Best Android runner-up to buy in 2021
There’s no denying that the OPPO Find X3 Pro is pricier than you’d expect from OPPO, but it’s still cheaper than the top-of-the-range Samsung and Apple’s flagship handsets, and if you’re already considering those two devices, we’d strongly encourage you to consider the Find X3 Pro too.
From its flawless display and space-age design to its snappy performance and the most exciting camera lens we’ve seen in a long time. This is OPPO’s most complete premium smartphone to date with crowd-pleasing camera features (like a 3MP microscope lens) that you won’t find in any other premium device.
Its price (between $1,200 and $2,000) might make it hard to recommend as the best Android smartphone currently available but it’s easily one of our favourite handsets released this year.
This spot on our list was previously reserved for the X3 Pro’s predecessor, the OPPO Find X2 Pro. The X2 Pro is still a phenomenal choice for Android users, now cheaper than ever thanks to the Find X2 Pro’s release.
Best mid-range runner-up to buy in 2021
We were a little let down by 2019’s Google Pixel 4 but if there’s one area you can always depend on Google in, it’s the mid-range and the Pixel 4a is no exception. It inherited a few of the Pixel 4’s problems (e.g. middling battery life) but it was easier to forgive in a sub-$600 smartphone. After all, it also inherited some of the Pixel 4’s best features too including Google’s intelligent post-processing software, which really elevates the Pixel 4a’s photography game past expectations set by the mid-range market.
It’s no longer our first choice in the mid-range but it’s still a solid little smartphone if you’re a fan of the Google Pixel family.
10. Galaxy Z Flip
Best foldable phone to buy in 2021
The clamshell design isn’t the first thing that comes to mind when you think of a foldable smartphone, but Samsung’s Galaxy Z Flip is a pleasant surprise. It’s not going to give you the phone-tablet hybrid experience of Samsung’s Galaxy Fold line but there’s still something to be said for its compact form factor. As evidenced by what Samsung calls the “hideaway hinge”, a lot of lessons were learned from the original Galaxy Fold’s rough launch. So while we’d still consider the foldable market an enthusiast’s game, the Galaxy Z Flip is the closest thing we’ve got to a foldable the masses can rely on to get the job done.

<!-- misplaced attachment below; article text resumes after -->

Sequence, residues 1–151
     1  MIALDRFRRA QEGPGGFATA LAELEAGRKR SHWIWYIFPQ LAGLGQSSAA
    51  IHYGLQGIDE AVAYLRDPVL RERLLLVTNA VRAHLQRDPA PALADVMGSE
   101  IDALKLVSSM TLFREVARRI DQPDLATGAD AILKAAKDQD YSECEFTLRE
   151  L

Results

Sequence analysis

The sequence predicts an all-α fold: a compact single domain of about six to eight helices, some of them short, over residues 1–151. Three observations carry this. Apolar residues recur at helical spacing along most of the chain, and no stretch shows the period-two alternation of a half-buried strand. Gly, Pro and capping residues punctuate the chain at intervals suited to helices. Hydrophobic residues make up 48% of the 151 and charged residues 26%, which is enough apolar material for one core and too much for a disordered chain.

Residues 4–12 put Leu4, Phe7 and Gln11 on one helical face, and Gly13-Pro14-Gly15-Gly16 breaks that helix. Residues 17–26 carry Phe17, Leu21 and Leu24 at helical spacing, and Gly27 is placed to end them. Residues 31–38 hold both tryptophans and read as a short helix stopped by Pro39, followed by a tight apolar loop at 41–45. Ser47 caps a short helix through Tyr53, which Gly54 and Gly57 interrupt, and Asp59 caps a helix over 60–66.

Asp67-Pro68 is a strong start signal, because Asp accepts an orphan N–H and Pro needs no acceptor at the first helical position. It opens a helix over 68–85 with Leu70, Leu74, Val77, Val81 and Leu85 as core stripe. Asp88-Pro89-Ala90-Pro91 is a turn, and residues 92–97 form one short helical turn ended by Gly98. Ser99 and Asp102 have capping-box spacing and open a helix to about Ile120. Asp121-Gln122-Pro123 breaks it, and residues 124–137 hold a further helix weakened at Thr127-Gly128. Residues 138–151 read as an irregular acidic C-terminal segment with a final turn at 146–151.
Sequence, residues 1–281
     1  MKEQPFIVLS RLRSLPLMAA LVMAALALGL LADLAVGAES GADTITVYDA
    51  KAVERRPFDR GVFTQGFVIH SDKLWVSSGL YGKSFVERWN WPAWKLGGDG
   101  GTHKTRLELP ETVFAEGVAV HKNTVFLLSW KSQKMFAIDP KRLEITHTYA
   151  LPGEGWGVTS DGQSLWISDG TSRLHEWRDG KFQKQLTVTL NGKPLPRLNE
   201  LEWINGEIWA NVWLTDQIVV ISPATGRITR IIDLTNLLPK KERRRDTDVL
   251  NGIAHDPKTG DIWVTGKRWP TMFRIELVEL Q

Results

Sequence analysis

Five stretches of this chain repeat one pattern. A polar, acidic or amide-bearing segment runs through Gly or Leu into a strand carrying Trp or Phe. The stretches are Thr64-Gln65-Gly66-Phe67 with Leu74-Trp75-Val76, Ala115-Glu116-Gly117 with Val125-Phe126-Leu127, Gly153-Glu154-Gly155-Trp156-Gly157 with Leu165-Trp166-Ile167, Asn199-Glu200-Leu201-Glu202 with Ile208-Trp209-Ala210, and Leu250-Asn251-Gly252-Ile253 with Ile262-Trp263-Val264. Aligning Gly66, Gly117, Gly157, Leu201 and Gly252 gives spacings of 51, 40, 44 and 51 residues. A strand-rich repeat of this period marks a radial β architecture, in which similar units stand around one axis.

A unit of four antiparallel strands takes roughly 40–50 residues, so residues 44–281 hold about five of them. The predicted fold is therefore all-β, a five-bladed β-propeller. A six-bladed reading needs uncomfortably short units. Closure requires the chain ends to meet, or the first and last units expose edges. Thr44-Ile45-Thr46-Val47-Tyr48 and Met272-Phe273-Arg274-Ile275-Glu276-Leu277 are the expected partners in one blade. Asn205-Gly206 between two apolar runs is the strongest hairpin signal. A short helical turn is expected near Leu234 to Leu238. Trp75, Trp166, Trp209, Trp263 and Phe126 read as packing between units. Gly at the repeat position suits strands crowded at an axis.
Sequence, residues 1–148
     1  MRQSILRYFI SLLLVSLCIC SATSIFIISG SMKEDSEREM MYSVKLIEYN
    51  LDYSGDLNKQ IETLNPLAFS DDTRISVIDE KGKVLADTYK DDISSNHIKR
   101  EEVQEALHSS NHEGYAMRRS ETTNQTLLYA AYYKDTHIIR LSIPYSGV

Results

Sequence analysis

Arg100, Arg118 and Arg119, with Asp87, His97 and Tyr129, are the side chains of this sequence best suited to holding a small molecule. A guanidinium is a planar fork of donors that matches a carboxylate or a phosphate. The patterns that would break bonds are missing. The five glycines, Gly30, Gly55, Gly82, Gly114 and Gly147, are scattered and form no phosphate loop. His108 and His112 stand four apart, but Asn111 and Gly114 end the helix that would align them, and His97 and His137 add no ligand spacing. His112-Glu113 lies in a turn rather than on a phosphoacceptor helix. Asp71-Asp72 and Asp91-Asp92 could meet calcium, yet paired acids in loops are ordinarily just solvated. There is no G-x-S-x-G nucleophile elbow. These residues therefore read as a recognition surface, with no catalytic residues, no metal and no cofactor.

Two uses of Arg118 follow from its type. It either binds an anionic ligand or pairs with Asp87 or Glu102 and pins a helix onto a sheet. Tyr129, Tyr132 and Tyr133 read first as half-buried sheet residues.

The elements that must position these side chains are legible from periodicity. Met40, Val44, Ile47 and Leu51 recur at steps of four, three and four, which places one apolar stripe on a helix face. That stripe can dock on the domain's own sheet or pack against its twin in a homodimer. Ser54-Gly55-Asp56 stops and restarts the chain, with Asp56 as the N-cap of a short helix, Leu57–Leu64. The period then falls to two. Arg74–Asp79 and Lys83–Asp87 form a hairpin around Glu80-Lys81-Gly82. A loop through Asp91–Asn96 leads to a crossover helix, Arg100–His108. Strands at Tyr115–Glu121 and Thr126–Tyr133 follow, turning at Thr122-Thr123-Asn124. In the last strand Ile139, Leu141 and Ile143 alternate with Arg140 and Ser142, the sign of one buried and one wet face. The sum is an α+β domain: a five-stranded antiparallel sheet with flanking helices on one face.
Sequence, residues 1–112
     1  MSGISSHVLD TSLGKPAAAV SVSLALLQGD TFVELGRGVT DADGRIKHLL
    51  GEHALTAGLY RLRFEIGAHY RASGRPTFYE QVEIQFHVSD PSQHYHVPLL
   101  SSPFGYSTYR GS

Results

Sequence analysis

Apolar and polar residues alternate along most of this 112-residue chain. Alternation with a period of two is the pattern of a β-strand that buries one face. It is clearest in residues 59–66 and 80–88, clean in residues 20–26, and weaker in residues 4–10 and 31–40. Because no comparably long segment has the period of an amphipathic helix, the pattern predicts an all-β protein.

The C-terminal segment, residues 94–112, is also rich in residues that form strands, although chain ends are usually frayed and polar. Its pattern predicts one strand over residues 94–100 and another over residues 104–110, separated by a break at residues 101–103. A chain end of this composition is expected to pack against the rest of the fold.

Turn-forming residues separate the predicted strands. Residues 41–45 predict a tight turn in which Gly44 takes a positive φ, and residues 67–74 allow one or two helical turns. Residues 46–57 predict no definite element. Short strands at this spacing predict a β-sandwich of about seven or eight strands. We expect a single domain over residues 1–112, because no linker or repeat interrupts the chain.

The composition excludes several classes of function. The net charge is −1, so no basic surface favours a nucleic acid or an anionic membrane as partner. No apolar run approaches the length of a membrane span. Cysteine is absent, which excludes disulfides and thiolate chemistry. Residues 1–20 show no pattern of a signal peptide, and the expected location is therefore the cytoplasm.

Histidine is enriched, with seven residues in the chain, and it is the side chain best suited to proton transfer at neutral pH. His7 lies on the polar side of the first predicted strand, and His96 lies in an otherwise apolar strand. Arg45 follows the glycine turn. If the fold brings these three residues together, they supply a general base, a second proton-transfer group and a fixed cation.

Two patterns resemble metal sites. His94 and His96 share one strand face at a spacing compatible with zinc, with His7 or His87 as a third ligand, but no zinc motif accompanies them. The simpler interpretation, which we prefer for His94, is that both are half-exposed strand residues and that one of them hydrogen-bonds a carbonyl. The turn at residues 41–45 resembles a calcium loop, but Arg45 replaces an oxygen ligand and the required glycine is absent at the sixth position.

Most importantly, it’s the most affordable way to dip your toes in the foldable end of the pool if you’ve been itching to get your hands on the latest trend in smartphone design.
Best Samsung phone to buy in 2021
While it might not be our first choice for Android, the Samsung Galaxy S21 is still a great phone. It’s the right size for all hands (even large mitts), packs plenty of powerful performance, and adaptive refresh rate offers a great mix of smoothness and battery preservation.
It’s just a shame that once key things have been left out: there’s no charger in the box, no MicroSD port for storage expansion, and the headphone jack is still MIA. There’s an environmental argument to be made for ditching the charger, and Samsung isn’t the only one doing away with headphone jacks, but removing the MicroSD card slot is sure to frustrate many loyal Samsung fans who always had that to hold on to in the great Apple vs Samsung debate.
Still, we appreciate Samsung pressing pause on the year-on-year increase in smartphone pricing. You can still spend big if you go with the premium Ultra model but at that price, we’d argue your money is better spent elsewhere anyway.
How we review smartphones
Here at Reviews.org, we don’t do long, exhausting technical spec lists and benchmarks. Our rankings are pulled from a five-star rating decided by the writer of each review. Our editors might share different, unique opinions on the best smartphones available. But we all believe that, for the everyday consumer, the most important factors are value for money and user experience.